• Pat Grady

    ExSELLent article! “Our preference is not to use keyword targeting as a standalone tactic, but to combine keyword and placement targeting” = yep! We like to combine a low-bid keyword bid and layer on known good placements (that also work with the keywords) at a higher bid. And we base all bids on ROAS. So the lower bid automatic placements (from keyword targets) serve as an ongoing discovery of higher bid placements we add. Bad placements get excluded. We call this “Keep Or Kill”, in reference to the placements – Keep them (add as Managed Placements) or Kill them (exclude poor converters). For those still indeterminant, we let them continue to flow in as auto placements (again, from our keyword targeting). We find “Keep or Kill” is the best balance between volume, ROAS and time spent managing the PPC.

  • http://www.facebook.com/matt.vanwagner1 Matt Van Wagner

    Thanks, Pat! Strategy sounds solid and love the Keep or Kill theme. There is so much good traffic to be had out there. I’ll be talking about your tactic and others next month – bidding gets tricky and can be counter-intuitive. Keeping it simple like you do has strong merit.

  • http://www.noggindigital.com/ Zach Kasperski

    I really like this articles depth into targeting, but it reminded me of a situation I was put into the other day. First, I’ll say that I’m certified in Google Ad Words, specifically the Search side, but I have little experience with the Display network.

    I’m working with a client who owns an Italian restaurant in town. He has great offers for lunch, happy hour, etc., and he has three locations in the area. I recommended that he leverage these offers and run display ads on the GDN. Thing is, I am targeting a 7mi radius from each of the locations and planning to target every site on the GDN. This all is accompanied by a detailed scheduling a couple hours before each meal. I was going to focus more on exclusions.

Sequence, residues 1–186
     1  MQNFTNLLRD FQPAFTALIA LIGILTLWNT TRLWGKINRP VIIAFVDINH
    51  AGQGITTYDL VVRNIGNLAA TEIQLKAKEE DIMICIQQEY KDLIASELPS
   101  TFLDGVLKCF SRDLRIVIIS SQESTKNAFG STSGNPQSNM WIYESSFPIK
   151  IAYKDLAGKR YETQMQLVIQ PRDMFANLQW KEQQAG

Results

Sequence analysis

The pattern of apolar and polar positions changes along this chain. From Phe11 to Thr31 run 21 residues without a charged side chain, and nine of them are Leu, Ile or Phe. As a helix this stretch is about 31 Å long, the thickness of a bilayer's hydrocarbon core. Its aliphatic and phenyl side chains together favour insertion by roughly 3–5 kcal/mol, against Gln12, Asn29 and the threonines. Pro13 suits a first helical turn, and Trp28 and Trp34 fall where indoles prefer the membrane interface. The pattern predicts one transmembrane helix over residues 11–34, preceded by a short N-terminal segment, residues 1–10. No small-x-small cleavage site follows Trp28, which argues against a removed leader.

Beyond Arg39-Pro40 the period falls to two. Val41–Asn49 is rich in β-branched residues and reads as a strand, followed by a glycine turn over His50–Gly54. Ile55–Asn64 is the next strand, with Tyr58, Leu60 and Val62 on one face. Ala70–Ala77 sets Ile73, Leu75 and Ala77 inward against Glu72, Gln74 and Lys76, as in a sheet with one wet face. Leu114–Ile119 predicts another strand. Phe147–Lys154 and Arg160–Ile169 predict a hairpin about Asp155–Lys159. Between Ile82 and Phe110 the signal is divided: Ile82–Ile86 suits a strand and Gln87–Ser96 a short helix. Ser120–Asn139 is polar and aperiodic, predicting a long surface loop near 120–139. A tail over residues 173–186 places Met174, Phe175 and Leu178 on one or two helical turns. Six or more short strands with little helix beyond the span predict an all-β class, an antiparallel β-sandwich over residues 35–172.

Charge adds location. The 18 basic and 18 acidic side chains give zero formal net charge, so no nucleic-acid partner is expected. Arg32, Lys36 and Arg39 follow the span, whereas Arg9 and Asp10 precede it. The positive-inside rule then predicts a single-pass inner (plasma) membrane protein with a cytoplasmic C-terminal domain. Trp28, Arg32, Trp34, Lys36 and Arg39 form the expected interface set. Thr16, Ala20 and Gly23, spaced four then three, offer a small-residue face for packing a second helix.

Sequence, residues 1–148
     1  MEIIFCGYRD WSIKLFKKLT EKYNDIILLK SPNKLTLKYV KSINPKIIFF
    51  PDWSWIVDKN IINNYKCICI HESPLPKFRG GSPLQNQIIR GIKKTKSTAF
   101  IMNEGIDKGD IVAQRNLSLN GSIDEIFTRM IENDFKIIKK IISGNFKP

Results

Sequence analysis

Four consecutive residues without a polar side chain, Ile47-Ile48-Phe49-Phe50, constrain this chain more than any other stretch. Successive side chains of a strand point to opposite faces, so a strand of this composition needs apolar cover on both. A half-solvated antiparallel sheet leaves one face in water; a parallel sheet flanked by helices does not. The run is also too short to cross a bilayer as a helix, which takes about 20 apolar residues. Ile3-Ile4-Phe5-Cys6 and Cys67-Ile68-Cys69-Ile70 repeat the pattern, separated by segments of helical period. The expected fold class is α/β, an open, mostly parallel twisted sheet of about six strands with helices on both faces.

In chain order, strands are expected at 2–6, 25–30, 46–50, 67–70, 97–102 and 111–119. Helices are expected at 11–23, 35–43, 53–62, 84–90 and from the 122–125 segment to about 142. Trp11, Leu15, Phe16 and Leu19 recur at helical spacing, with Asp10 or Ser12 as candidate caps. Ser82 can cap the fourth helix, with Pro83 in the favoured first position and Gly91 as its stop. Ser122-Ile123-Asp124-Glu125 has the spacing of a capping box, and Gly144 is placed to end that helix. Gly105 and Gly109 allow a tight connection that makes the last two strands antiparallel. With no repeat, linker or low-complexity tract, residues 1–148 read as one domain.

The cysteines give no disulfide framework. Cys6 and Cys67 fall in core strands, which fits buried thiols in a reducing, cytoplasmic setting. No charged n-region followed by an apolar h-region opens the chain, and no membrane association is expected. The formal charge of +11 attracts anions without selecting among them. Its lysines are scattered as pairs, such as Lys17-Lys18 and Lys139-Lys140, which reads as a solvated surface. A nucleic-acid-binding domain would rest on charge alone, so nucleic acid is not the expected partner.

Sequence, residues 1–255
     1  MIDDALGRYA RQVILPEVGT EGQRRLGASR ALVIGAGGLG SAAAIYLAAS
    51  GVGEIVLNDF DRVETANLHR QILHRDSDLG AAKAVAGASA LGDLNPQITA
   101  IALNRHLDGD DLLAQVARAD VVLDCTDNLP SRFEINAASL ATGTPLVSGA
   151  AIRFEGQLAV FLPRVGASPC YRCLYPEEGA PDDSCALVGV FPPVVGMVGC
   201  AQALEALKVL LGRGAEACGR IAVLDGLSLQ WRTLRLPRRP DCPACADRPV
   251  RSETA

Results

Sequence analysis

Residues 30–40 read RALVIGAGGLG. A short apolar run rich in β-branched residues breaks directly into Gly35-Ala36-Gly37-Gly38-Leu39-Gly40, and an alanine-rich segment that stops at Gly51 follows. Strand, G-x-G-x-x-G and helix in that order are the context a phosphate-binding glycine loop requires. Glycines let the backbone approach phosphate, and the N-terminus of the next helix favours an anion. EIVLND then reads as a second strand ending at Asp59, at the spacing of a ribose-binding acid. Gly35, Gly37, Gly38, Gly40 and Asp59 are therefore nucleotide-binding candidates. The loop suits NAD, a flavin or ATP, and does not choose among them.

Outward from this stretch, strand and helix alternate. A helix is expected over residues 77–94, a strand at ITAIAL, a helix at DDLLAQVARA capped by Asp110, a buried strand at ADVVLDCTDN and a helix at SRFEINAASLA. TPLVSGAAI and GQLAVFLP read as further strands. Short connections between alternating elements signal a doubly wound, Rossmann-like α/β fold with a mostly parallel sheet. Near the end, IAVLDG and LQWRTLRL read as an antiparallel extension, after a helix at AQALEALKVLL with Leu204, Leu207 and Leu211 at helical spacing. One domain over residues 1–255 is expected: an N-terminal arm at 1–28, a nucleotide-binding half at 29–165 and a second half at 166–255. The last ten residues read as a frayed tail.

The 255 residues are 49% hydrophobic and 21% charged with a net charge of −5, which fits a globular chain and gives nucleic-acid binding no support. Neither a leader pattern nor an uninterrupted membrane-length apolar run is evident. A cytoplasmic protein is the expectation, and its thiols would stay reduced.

Do you have any input?

  • http://www.facebook.com/matt.vanwagner1 Matt Van Wagner

    Hi Zach, thank you for your note. Couple of thoughts on your local restaurant advertising.

    Hyper local targeting is still the trickiest for Desktop computers. Your best option for targeting is to use the campaign level geo-targeting and either set a radius (10 mi minimum) or try zip code targeting. I think zip code may drill in better for you. This is true for search or display.

    How you approach the campaign setup depends on whether all 3 restaurants share the same name, menu and offers, or if you have to advertise each restaurant individually.

    For the GDN, I’d might start with keyword targeting (italian restaurants scarsdale) and subtopics in Food and Drink topic area using geo-modified keywords both to attract and repel the visitors you are looking for. I’d also restrict the geo-setting to people within my target area.

    Targeting Mobile devices separately should be a win for you, too, especially on search. Lots of people are choosing restaurants on the fly using their smart phones. Google is able to drill in pretty close to the actual user’s location if they are doing search on maps – well within a mile, so you should be more successful with your ads there.

    Send me a twitter message @mvanwagner if you want to connect and talk about this a bit more. Happy to brainstorm this with you.

  • http://www.noggindigital.com/ Zach Kasperski

    I really appreciate your advice. Oh, and I completely agree with the mobile targeting. I’ve collected so much data on restaurants and their opportunity in mobile. So many local businesses miss mobile – a huge mistake.